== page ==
Because the continuance was granted to aid defense counsel, and maintain continuity of counsel, the period between April 29, 1997, and May 8, 1997, is excludable. Cf. Santiago-Becerril, 130 F.3d at 17 (“By notifying the court of his availability for trial, defense counsel may be said to have impliedly moved for a new trial date. The court acted on the implied motion ․ by setting a new trial date․ Motions that do not require a hearing may toll the seventy-day time limit for up to thirty days.”).
To hold otherwise would be to subvert the purpose of the STA, and allow defense counsel to “sandbag” the district court. Under the appellant's line of argument, a defense counsel could cooperate with the district court in setting a trial date without informing the court that by granting certain continuances, the STA would be violated. Defense counsel cannot have it both ways. Either she must agree that the continuance granted for her benefit be excluded from STA consideration, or she must object to the continuance. To permit defense counsel to have both the continuance and the time included in the STA calculus is impermissible. Cf. United States v. Ortiz, 23 F.3d 21, 28 (1st Cir.1994) (finding no Speedy Trial Act violation where defense counsel raised no objection to trial continuance).
II. Sufficiency of the Evidence
Scantleberry contends that the evidence presented at trial was insufficient to prove that he did not have the express consent of the Attorney General to reapply for admission to the United States.
We review the sufficiency of the evidence as a whole, in a light most favorable to the verdict, taking into consideration all reasonable inferences. We do not reweigh the credibility of the witnesses. Rather, we resolve all credibility issues in favor of the verdict. See United States v. Hahn, 17 F.3d 502 (1st Cir.1994), cited in United States v. Reyes-Medina, No. 94-1923, 1995 WL 247343 (1st Cir.1995). “The evidence may be entirely circumstantial, and need not exclude every hypothesis of innocence; that is, the factfinder may decide among reasonable interpretations of the evidence.” Id. (quoting United States v. Batista-Polanco, 927 F.2d 14, 17 (1st Cir.1991)).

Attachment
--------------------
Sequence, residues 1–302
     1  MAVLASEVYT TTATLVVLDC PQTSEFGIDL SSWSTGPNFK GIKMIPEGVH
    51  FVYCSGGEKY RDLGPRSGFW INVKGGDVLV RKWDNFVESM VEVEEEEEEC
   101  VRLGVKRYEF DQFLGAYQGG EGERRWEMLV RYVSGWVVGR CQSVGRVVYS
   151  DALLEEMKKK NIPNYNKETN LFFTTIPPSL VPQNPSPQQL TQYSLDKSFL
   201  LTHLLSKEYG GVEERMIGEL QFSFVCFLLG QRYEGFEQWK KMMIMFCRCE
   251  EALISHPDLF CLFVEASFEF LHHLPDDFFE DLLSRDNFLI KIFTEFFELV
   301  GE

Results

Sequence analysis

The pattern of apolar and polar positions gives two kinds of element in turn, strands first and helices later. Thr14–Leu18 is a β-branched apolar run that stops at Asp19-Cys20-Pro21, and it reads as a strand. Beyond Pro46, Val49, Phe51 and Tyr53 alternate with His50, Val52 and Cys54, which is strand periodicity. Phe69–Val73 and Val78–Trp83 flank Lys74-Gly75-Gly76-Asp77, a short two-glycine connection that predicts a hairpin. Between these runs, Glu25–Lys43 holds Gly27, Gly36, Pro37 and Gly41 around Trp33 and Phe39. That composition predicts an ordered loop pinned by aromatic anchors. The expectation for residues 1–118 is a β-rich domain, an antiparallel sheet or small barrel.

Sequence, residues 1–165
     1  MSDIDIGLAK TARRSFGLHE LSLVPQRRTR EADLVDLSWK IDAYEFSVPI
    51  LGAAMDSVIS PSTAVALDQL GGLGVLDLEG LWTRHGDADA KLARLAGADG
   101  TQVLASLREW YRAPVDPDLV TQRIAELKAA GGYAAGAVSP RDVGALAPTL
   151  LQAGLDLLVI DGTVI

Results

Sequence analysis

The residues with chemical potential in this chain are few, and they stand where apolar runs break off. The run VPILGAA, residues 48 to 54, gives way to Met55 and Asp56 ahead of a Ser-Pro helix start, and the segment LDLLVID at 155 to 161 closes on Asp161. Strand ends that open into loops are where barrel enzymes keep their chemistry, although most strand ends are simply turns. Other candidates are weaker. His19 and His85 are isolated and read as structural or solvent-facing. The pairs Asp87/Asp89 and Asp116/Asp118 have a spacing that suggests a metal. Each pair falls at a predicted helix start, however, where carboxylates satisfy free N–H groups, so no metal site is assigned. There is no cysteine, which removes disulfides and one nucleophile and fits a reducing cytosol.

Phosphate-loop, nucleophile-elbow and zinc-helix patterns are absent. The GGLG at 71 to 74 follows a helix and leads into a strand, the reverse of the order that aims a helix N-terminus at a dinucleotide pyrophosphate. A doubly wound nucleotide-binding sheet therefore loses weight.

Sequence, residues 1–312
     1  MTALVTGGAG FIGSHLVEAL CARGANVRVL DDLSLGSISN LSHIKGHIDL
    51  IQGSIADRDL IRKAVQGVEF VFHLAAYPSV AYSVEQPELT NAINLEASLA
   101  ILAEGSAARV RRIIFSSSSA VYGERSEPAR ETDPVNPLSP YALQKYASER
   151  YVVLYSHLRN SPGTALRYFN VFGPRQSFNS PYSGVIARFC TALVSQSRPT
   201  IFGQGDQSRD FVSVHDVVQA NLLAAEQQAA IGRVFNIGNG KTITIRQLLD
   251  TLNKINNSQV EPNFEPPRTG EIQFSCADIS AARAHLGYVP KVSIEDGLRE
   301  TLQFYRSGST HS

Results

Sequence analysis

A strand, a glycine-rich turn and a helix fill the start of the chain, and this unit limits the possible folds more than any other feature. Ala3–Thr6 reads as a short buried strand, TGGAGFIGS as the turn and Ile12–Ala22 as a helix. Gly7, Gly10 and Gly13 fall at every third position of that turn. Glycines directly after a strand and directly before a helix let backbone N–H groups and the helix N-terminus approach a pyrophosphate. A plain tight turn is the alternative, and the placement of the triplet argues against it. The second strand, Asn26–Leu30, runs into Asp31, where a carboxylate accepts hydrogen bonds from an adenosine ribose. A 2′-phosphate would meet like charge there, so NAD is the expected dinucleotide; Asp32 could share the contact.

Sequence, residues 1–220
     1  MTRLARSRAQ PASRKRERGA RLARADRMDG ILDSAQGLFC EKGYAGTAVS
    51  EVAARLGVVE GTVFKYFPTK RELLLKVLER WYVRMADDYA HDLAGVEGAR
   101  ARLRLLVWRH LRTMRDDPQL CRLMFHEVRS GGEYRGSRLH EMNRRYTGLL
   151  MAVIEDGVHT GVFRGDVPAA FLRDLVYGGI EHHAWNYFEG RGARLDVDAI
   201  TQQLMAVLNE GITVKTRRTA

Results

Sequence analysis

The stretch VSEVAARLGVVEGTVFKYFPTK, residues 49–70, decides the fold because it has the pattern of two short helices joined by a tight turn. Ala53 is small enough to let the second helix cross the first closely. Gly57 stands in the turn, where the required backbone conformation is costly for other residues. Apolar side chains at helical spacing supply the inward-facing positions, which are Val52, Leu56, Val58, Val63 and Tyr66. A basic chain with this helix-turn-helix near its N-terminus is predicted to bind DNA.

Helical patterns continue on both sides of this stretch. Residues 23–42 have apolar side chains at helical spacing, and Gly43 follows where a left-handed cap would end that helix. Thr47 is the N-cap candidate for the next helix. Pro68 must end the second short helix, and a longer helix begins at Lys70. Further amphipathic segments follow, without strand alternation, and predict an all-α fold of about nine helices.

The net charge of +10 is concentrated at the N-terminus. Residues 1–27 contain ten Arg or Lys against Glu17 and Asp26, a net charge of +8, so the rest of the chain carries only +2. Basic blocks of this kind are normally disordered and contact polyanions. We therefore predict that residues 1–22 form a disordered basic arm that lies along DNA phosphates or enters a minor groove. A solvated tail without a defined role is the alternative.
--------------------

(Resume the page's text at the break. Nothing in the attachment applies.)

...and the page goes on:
Sections 1326(a) and (b)(2) provide in relevant part that: 1) any alien; 2) whose deportation was subsequent to a conviction for commission of an aggravated felony; 3) who enters or attempts to enter, or is at any time found in, the United States; 4) without the express consent of the Attorney General for such entry; 5) shall be fined and/or imprisoned. See 8 U.S.C. § 1326. Scantleberry challenges only the sufficiency of the evidence on the fourth element: reentry without the express consent of the Attorney General for such entry.
He argues that in its case-in-chief, the government presented a Certificate of Nonexistence of Record, which stated that no record was found of any application for permission to reenter made by “Guillermo Scantleberry, also known as Guillermo Scantleberry-Frank and Guillermo A. Scantleberry.” The original warrant authorizing the deportation of the defendant in 1992 referred to the defendant as “Scantleberry, Guillermo F., aka: Scantleberry-Frank, Guillermo.” The defendant was subsequently indicted as “Guillermo Scantleberry-Frank, a/k/a Gillermo Scantlebrury, a/k/a Guillermo Scantlebury, a/k/a Guillermo Scantleberry.” Scantleberry argues that because the government did not examine its records under the right name, he was entitled to a judgment of acquittal. In sum, his claim is that a reversal is warranted in this case because the evidence presented at trial failed to show that the INS ever examined its records for an application from Guillermo F. Scantleberry or Guillermo Scantleberry-Frank, the names under which the defendant had been previously deported.